Domestic and family violence is a horrific plague upon homes in all socioeconomic classes. As a former prosecutor, I attest to the inadequate resources that exist for law enforcement to adequately handle these cases, and the inadequate community resources that exist to aid in prevention.  However, there is no publicized and radical legislation to increase penalties for repeat offenders.  There is no legislation affording funds to provide for training of prosecutors, law enforcement, and counselors to deal with these types of crimes and their aftermath.  Yet, we have a constitutional amendment proposed, to place in the Indiana Constitution, an amendment indicating two persons of the same-sex may not be married in Indiana, and any previously obtained marriage, valid in another state, may not be recognized.  Indiana already has (unfortunately) laws, invalidating and disallowing same-sex marrage.  For a review of these antiquated laws, click on the following Indiana Code Sections: 31-11-1-1, 31-11-4-2, and 31-11-11-7.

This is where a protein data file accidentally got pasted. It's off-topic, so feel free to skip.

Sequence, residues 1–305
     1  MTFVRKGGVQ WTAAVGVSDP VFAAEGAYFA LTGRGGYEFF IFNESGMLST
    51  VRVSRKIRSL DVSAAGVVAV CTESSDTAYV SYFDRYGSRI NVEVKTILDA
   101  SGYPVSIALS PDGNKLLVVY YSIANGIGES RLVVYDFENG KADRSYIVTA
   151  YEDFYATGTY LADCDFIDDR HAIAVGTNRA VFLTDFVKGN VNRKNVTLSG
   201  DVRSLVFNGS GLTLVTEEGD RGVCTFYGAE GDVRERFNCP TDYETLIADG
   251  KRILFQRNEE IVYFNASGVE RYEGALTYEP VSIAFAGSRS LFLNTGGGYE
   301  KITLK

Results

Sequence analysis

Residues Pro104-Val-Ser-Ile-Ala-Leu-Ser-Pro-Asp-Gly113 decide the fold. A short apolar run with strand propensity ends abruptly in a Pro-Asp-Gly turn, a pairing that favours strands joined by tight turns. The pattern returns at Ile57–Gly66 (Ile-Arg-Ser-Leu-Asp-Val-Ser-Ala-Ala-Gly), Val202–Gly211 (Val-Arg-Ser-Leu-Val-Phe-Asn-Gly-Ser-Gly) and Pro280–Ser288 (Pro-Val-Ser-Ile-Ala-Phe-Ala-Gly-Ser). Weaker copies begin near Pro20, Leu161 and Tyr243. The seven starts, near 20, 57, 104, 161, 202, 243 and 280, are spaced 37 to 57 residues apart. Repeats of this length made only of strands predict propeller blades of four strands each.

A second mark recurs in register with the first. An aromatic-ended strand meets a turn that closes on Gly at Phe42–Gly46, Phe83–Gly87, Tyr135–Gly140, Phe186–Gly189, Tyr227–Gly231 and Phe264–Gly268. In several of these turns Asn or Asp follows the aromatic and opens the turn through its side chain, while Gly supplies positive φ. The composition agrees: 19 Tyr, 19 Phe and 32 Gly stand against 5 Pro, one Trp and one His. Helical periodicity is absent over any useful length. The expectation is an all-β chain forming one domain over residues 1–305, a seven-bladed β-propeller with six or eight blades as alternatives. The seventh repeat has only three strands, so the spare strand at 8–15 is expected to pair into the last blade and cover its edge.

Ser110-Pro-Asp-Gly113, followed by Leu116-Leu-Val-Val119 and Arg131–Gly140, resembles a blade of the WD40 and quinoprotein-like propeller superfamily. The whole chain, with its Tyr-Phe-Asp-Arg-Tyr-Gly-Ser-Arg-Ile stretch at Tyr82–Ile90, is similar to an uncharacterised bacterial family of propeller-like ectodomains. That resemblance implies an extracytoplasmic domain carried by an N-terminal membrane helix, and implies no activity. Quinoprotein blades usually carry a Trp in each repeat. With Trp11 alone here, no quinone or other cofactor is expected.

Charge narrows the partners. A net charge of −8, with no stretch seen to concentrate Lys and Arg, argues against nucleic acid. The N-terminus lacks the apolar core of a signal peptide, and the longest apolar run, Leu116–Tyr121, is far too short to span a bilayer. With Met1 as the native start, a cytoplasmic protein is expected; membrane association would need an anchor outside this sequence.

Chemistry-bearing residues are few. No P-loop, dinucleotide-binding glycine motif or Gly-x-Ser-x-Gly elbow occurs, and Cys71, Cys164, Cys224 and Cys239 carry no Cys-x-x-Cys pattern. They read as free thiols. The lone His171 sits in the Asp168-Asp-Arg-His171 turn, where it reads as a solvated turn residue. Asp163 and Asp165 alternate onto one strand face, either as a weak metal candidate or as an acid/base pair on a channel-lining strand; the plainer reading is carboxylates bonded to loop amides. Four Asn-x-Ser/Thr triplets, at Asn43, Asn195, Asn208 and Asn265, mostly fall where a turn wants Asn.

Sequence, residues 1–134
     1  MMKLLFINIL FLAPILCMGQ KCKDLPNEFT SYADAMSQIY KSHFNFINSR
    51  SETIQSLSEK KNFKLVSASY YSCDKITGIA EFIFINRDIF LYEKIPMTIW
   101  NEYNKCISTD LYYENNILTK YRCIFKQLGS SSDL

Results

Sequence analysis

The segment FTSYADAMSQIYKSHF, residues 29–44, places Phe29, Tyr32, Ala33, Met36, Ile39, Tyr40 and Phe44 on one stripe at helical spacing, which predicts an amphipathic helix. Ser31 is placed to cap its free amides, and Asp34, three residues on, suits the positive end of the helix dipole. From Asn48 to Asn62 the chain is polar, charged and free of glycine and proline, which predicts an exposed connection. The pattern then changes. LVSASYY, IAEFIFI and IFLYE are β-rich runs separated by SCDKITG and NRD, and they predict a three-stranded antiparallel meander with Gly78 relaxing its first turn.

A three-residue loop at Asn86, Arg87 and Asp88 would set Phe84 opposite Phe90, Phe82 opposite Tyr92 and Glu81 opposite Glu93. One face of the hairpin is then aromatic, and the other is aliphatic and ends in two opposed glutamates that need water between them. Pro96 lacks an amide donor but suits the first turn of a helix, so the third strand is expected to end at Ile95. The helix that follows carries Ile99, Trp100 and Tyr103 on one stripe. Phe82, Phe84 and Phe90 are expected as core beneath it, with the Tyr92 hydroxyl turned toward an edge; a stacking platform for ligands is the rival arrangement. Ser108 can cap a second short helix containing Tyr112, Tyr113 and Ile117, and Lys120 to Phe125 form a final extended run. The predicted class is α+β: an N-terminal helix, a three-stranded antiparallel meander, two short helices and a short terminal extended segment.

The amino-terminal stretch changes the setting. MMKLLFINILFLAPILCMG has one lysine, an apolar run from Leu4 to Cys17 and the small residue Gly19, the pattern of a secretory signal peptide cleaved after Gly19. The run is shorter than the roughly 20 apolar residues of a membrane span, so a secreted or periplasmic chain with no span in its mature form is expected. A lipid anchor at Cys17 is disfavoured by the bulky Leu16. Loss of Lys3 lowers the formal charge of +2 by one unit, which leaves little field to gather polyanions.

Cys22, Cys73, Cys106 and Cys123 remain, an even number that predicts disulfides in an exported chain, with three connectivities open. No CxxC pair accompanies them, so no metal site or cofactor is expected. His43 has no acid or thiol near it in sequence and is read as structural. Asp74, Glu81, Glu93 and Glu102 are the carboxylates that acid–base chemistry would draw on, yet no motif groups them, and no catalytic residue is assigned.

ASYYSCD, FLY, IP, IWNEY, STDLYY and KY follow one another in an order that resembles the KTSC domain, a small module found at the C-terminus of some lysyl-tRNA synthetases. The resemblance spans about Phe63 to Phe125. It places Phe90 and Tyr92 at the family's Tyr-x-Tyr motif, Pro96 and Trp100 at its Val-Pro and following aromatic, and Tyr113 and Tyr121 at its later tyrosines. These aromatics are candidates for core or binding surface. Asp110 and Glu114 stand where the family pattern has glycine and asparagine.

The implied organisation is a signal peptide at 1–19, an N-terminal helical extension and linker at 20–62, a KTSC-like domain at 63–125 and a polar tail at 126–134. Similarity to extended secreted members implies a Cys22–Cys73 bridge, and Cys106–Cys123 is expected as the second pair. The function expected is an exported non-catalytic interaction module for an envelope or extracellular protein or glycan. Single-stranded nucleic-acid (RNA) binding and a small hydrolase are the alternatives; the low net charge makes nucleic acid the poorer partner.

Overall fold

So, it's interesting in times of economic strife, health care strife, arguments and all around buzz, and state budgets dwindling, that some groups in Indiana decide to attempt to un-Constitutionalize same-sex marriage, you know, the type of marriage that was already illegal.  It's also interesting that two people's relationship, if they happen to be of the same sex, takes up so much congressional time, both in Indiana, and federally. Frankly, I should think we have actual issues to deal with in our less than perfect world.   Why the consistent begrudging of people's happiness?  

I know my questions have been asked before, and I'm may not be bringing anything all that new to the table. But, I had some outrage, and I felt like sharing.   I appreciate your time.

Food for Thought:

*The opinions expressed are of the blogger only and were not intended as legal advice or as an avenue to open a lawyer-client relationship.

Tuesday, August 6, 2013

The Dog's were Let Out, and the Cat's out of the Bag -- What can ya do? (aka Who Let the Dogs Out Part Two)

attorney, central indianaEarlier, in a blog post on July 16, 2013,  I discussed when dogs could be used in searches in criminal cases.  Now, we need to discuss what happens when a dog "alerts" on your person, your car, or in your home.  The alert of a dog may let the cat out of the bag in your case.